A librarian is in charge of overseeing the everyday operations of a public or private library. They can work in schools, religious organizations, or government-run libraries and research facilities. Did you know how long have librarians been around?
Professional librarians can be traced back to Assyria in the eighth century BCE. The Romans also had libraries but no librarians; therefore, the job was done by non-specialized scholars like praetors or grammarians.
The First Librarians
The Sumerians were the first to teach clerks how to keep account records. Keepers of the Tablets or Masters of the Books were scribes or priests who had been trained to deal with the massive number and complexity of these documents. The scope of their precise responsibilities is uncertain.
In the eighth century BC, King Ashurbanipal of Assyria erected a library in his palace in Nineveh, Mesopotamia. In history, Ashurbanipal was the first person to establish librarianship as a profession. Thousands of Sumerian and Babylonian tablets, including literary writings, history, omens, astronomical calculations, mathematical tables, grammatical and linguistic tables, dictionaries, and commercial records and legislation, were supervised by at least one keeper of the books, who cataloged and arranged them in a logical order by subject or type, each with an identification tag.
Christian monasteries in Europe are credited with preserving the institution of libraries after the fall of the Roman Empire. Around this time, the parchment codex, the first codex, as opposed to a scroll, became popular. The overseer of the scriptorium, where monks copied books from cover to cover, frequently served the librarian’s role. A monk named Anastasias was given the title of Bibliothecarius after his superb translations of Greek classicists meaning librarian.
Conrad Gessner, Gabriel Naudé, John Dury, and Gottfried Leibniz, well-known scholars and librarians, proposed the creation of a Bibliotheca Universalis, a global listing of all printed books in the 16th century. The four librarians who founded the Bibliotheca Universalis are notable personalities in librarianship. Avis pour dressing une bibliothèque was published by Gabriel Naudé.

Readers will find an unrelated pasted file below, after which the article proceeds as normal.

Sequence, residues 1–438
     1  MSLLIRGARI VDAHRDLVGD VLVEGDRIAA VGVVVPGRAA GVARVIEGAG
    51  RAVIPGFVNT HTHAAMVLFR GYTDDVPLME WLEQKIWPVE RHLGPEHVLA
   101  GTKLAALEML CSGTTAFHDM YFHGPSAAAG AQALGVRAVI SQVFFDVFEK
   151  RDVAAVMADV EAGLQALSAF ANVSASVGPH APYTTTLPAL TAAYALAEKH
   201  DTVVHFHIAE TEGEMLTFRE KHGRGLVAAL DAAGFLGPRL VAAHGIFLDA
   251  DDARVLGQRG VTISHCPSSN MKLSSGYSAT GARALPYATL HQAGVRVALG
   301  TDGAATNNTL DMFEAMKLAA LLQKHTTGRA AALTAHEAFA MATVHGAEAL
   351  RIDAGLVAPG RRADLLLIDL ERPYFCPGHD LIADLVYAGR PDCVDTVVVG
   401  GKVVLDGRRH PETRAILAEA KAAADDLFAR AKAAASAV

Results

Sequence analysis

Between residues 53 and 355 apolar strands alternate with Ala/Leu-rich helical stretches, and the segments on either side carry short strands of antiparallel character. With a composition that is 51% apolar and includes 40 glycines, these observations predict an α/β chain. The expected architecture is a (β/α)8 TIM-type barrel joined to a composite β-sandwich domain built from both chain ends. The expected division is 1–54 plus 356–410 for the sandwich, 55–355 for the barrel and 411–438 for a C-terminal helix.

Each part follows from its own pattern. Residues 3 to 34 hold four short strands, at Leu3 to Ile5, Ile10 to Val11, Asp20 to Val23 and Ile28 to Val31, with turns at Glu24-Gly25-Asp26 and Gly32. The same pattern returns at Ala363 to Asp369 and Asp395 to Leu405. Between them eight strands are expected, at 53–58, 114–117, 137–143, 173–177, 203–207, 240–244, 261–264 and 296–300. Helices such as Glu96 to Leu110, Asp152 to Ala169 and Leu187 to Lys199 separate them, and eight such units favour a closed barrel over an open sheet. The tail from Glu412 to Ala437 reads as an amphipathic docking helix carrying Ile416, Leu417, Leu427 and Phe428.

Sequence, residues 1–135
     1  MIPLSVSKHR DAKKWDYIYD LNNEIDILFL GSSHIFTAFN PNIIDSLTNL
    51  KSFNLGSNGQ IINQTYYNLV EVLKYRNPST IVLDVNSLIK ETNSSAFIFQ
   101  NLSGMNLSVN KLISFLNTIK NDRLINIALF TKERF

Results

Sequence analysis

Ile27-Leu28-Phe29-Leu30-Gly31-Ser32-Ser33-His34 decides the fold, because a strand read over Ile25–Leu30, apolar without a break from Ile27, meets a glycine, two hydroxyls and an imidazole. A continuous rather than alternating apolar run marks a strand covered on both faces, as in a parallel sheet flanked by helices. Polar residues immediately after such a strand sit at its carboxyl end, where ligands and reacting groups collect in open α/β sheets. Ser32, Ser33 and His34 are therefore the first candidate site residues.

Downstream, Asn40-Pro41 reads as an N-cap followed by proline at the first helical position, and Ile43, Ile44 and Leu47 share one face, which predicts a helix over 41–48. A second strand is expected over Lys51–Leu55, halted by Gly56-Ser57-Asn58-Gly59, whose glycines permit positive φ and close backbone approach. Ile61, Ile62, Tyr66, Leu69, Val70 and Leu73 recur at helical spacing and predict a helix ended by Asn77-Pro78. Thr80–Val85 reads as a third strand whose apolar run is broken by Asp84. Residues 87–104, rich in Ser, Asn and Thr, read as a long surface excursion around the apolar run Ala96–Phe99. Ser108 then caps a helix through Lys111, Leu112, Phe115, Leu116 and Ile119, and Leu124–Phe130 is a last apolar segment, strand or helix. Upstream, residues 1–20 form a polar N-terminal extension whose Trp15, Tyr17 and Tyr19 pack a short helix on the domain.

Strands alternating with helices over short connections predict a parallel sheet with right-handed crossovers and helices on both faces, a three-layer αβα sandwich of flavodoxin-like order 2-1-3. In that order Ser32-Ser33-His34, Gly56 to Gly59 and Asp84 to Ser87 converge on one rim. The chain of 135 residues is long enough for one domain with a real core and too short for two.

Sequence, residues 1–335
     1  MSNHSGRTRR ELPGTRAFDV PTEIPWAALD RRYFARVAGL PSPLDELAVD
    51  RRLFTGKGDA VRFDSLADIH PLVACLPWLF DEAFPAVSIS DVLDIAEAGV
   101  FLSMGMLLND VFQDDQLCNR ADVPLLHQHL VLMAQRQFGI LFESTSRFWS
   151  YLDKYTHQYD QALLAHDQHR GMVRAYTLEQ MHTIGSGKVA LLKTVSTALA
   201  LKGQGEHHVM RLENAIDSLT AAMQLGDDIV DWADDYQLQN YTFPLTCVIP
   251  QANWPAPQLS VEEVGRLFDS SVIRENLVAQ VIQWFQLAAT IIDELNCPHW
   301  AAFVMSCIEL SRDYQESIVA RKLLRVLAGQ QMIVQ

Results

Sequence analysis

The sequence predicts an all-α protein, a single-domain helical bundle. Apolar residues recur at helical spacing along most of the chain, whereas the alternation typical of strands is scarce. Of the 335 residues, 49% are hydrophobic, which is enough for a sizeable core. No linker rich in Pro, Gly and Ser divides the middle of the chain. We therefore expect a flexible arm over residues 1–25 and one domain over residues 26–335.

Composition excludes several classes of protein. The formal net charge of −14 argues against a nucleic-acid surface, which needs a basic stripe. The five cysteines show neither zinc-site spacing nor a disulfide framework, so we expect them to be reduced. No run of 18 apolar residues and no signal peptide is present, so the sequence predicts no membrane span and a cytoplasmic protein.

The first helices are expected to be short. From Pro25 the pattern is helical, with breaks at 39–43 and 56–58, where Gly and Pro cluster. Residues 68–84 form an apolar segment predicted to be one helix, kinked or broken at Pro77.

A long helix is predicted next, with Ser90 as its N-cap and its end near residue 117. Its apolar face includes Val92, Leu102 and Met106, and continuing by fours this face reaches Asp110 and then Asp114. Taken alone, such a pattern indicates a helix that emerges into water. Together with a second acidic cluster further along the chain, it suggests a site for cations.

While there were full-time librarians in the 18th century, the professionalization of the library role was a 19th-century development, as evidenced by its first training school, first university school, and first professional associations and licensing procedures. (Source: Indeed)
What Are the Responsibilities of a Librarian?
As evidenced by the word’s etymology, a librarian has traditionally been associated with book collections from the Latin liber, which means book. A 1713 definition of the word was the custodian of a library, while in the 17th century, the role was referred to as a library-keeper, and a librarian was a scribe, one who copies books.
The librarian’s work is constantly changing to meet social and technical demands. A modern librarian may work with books, electronic resources, periodicals, newspapers, audio and video recordings, maps, manuscripts, photographs and other graphic material, bibliographic databases, and Internet-based and digital resources to provide and maintain information in a variety of media.
Other information services that a librarian may provide include information literacy instruction, computer provision, training, cooperation with community groups to organize public programs, assistive technology for people with impairments, and help to access community resources.
The Internet has had a significant impact on the materials and services that all types of librarians offer to their customers. Electronic information has changed librarians’ roles and responsibilities to where library education and service expectations have been revolutionized.